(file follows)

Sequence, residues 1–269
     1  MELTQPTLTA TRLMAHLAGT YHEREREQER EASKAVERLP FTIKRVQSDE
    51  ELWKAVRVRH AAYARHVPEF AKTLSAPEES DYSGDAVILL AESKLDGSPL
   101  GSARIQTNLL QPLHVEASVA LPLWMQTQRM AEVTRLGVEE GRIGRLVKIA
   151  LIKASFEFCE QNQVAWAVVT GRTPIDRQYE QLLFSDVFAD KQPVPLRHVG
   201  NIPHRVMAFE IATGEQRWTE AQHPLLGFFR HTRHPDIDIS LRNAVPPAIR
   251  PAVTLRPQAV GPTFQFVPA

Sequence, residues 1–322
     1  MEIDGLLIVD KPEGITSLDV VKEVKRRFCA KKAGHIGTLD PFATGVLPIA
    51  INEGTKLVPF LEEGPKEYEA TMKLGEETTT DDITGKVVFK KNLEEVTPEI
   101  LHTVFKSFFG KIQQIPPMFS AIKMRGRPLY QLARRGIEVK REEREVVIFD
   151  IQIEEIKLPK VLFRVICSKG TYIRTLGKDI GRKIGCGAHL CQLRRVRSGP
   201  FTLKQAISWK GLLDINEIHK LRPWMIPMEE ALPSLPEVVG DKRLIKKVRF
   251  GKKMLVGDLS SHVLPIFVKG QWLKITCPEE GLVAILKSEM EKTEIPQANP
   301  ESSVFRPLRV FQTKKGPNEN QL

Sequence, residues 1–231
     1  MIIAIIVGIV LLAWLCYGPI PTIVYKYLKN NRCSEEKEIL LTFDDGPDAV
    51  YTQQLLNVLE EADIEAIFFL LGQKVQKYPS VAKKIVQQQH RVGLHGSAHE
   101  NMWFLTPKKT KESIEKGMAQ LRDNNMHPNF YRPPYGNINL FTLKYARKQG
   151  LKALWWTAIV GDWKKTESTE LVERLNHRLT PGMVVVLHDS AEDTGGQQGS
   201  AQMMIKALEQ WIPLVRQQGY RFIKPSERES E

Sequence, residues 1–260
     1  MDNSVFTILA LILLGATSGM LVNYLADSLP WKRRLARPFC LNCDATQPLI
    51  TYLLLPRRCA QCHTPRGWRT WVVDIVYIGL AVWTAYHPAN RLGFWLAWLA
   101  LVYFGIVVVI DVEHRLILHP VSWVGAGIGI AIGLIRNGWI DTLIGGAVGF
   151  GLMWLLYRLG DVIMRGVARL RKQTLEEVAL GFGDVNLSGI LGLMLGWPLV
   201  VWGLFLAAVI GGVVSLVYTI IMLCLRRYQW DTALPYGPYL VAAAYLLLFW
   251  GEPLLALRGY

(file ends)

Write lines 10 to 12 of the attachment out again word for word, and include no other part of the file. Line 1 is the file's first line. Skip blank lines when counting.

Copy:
    51  INEGTKLVPF LEEGPKEYEA TMKLGEETTT DDITGKVVFK KNLEEVTPEI
   101  LHTVFKSFFG KIQQIPPMFS AIKMRGRPLY QLARRGIEVK REEREVVIFD
   151  IQIEEIKLPK VLFRVICSKG TYIRTLGKDI GRKIGCGAHL CQLRRVRSGP